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Record Fuel Prices Hurting Christian Charities

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    (Photo: AP Images / Rebecca Blackwell)
    Samba Ka, 40, fetches water as he tends to his tomato plot in one of the few patches of agricultural land located within Senegal's capital, Dakar, on Thursday, June 5, 2008. Delegates to a Rome U.N. summit on rising food prices worked late into the night Wednesday to try to forge a compromise on a strategy to combat the crisis that is increasing hunger worldwide. The proposed final declaration calls for stepped up food production, reduced trade restrictions and more research on the contentious issue of biofuels.
By Joshua Goldberg, Christian Post Reporter
June 18, 2008|8:12 am

Record-breaking fuel prices that have peaked at unimaginable levels this summer have pushed Christian ministries and charity organizations to the brink as they struggle to make ends meet and continue in their worldwide operations to service the needy.

Gary Zander, communications coordinator for Food for the Hungry, said that the high costs of fuel were eating away at his organization’s ability to stem the tide of world hunger.

"We're finding the price of food is going up due to transportation costs, and production costs are going up as well. When those two things are put together, then all of a sudden the amount of money you had available for food is strained even more. There's just less available,” he told Mission Network News.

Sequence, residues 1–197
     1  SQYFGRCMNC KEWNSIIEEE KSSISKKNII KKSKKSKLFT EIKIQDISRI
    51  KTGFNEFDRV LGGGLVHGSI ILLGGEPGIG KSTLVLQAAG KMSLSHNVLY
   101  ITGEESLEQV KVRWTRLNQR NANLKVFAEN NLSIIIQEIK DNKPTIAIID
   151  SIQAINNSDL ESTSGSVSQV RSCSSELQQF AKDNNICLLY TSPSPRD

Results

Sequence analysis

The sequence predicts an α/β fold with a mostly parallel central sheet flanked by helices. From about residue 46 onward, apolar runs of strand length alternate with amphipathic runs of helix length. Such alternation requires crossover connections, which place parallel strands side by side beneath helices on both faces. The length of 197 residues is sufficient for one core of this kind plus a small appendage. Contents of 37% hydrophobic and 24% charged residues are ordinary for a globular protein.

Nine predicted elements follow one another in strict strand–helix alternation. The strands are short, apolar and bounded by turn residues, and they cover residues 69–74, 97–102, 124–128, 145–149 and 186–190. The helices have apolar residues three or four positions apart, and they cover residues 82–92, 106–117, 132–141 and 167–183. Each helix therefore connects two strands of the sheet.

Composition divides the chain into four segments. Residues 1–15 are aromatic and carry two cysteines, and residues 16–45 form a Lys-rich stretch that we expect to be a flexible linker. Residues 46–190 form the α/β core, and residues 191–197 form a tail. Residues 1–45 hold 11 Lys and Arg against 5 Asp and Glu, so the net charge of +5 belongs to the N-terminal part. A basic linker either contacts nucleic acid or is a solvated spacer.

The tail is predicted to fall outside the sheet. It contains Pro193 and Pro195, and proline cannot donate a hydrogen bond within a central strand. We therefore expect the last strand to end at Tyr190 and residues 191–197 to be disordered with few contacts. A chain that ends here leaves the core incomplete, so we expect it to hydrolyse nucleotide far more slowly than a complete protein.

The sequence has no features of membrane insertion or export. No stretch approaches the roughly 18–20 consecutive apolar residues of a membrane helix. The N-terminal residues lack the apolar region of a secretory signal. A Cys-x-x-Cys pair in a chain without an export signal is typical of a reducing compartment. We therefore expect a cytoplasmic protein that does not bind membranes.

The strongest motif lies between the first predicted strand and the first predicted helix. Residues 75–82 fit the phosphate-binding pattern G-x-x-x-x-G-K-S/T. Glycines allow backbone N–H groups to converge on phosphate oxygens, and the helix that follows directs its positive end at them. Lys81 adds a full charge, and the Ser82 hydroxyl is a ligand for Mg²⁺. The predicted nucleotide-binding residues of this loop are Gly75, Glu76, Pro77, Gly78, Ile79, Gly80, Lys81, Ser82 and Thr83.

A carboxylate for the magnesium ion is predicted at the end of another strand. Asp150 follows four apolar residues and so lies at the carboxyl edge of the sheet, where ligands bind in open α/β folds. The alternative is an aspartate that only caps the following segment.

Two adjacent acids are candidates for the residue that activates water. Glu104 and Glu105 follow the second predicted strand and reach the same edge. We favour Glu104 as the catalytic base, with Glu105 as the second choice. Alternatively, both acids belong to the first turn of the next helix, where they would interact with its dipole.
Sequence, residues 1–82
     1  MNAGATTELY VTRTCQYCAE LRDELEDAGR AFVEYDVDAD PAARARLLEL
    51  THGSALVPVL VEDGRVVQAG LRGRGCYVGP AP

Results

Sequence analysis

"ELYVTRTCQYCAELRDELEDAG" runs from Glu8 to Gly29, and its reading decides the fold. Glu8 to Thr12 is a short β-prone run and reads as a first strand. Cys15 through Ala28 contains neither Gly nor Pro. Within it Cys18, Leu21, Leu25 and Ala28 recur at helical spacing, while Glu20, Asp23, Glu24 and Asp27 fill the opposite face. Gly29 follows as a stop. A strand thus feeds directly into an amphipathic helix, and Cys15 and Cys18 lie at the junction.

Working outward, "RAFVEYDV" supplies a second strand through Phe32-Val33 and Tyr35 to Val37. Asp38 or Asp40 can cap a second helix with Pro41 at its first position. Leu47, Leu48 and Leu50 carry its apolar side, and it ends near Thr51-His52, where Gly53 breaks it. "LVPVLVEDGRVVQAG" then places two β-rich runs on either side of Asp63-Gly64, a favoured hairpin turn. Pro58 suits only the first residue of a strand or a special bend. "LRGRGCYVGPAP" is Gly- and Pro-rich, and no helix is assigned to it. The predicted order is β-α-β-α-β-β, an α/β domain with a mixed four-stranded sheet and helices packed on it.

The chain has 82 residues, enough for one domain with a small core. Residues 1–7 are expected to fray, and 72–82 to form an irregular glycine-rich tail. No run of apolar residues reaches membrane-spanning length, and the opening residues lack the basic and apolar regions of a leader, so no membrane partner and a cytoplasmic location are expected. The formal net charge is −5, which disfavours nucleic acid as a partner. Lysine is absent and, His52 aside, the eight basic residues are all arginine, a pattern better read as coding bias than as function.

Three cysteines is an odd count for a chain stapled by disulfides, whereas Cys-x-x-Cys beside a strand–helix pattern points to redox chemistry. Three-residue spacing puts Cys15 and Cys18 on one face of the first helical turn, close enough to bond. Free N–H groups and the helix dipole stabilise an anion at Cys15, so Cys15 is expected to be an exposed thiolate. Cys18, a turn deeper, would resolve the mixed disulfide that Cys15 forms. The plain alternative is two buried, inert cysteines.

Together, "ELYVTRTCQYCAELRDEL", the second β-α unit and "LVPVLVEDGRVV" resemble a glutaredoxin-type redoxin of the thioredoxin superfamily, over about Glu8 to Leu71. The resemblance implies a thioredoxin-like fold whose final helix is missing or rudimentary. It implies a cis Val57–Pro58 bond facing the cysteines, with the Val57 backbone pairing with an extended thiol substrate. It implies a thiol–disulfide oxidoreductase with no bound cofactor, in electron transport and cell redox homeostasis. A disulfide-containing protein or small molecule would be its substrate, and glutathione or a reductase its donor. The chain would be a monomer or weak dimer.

Zander said he expects that high fuel prices will make the already desperate global food situation much graver.

"More than 50 countries have stated more than 10 percent of their population didn't have the nutrition they needed,” he explained.

High fuel prices have also contributed to the drop in donations to faith-based and community groups.

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Katherine Kerr, vice president of public relations for Lutheran Social Services, told the Austin Business Journal that many regular supporters of the nonprofit are cutting back their donations in light of higher gas and grocery prices and general economic worry.

"We are seeing people being more cautious," said Kerr

Lutheran Social Services reported a 47 percent drop in donations in the first five months of this year to $1.9 million.

Aside from high fuel prices, the economic downturn in general has reduced the charitable giving of nearly half of Christian adults in the United States.

According to a recent survey commissioned by Dunham+Co, forty-six percent of Christian adults surveyed – representing 62.5 million Americans – indicated that they have reduced their giving to charity.

But as Christian ministries and charity organizations struggle in an increasingly unstable world, many Christian leaders cite prayer and a reliance on God as necessary to walk through difficult times.

“God still supplies our needs according to His riches and not according to ours,” Al Joslyn of Bible Pathway Ministries told MNN.

“So we need to be paying attention to what God says rather than necessarily the bad news of the economy,” he said.

According to AAA and Oil Price Information Service, the nationwide average price of a gallon of regular gasoline Monday was $4.08, and is likely to keep rising as distributors and retailers hike prices in response to last week's unprecedented oil price rally.

One year ago, retail gas prices were around $3 a gallon.

Christian Post reporter Eric Young in San Francisco contributed to this article.

 

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